Before and until July 1, 2017, child support obligation was calculated on the net income of the non-custodial parent. The new Income Share model however will take into account multiple factors, including both parties' income, to calculate support. There will continue to be a base obligation in addition to the prospective contribution by both parties. The base obligation will be divided by the parties' proportionate to their combined net income.
The new law gives guidance to shared parenting situations. A shared parenting situation occurs when each parent has the child for at least 146 overnights per year (40% of overnights in a year). In this situation, the base amount of total child support obligation is multiplied by 50%. This increase in allocation of child support will be applied to both parents.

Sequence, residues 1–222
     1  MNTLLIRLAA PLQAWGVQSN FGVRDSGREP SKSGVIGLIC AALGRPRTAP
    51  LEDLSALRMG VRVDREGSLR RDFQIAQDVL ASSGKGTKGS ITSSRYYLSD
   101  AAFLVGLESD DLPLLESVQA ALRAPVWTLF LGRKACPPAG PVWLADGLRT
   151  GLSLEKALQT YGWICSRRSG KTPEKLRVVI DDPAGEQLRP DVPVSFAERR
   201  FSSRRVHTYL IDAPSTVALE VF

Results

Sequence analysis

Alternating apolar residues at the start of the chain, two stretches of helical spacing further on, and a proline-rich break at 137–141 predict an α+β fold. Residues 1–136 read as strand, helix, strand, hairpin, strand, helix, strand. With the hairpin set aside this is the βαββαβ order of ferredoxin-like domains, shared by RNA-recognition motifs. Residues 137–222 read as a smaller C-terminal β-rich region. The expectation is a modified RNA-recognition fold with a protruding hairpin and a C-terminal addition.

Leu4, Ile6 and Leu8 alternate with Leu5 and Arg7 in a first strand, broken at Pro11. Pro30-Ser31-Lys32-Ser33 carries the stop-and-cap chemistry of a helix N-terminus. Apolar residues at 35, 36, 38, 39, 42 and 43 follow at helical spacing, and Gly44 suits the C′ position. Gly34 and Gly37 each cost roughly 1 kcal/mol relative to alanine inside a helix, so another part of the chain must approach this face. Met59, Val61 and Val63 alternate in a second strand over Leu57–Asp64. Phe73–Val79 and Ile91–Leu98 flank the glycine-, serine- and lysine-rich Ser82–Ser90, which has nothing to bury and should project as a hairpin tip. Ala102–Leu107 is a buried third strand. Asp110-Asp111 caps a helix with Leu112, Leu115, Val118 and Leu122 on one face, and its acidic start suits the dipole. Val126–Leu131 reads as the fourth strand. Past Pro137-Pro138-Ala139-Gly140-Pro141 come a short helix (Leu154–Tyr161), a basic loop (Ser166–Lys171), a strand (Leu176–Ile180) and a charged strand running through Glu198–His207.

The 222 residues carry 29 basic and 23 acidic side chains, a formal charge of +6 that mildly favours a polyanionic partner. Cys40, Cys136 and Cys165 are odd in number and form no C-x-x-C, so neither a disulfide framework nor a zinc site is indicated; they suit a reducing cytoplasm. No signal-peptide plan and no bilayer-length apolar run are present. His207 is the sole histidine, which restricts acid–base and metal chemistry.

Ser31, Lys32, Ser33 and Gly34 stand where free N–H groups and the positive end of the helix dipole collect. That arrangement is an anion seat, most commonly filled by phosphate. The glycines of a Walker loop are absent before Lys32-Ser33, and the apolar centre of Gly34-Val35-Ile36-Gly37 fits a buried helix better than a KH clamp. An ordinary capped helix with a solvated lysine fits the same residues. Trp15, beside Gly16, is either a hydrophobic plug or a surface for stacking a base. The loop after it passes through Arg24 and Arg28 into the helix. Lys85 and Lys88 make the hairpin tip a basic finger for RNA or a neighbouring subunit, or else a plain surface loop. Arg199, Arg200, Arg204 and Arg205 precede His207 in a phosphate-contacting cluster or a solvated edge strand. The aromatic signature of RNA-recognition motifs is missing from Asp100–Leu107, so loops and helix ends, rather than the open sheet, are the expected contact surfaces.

Each parent's portion is cross multiplied with the percentage of time the other parent has parenting time on an overnight basis with the child. The amount of time that each parent spends with the child will factor as a percentage into the amount of child support he or she is responsible. The more time you spend with the child, the less your child support obligation will be relative to the other parent.
But, time spent with the child does not become a factor until the "146 overnights per year" threshold is met. So, under this new income share model both parents contribute to the expenses of the children in addition to the basic child support obligation.
This contribution does not include additional expenses such as child care and day care costs, extra curricular activities and medical coverage. Illinois is one of many states that will be using the Income Share model. Other states include Indiana, Iowa, Alabama, Arizona, California, Colorado, Connecticut, Florida, Idaho, Michigan, Kentucky, New York and Maine.
Total Support Obligation = (Basic obligation x % contributed to combined net income) + (Additional expenses by court x Percent contributed to combined net income)
Source: National Conference of State Legislators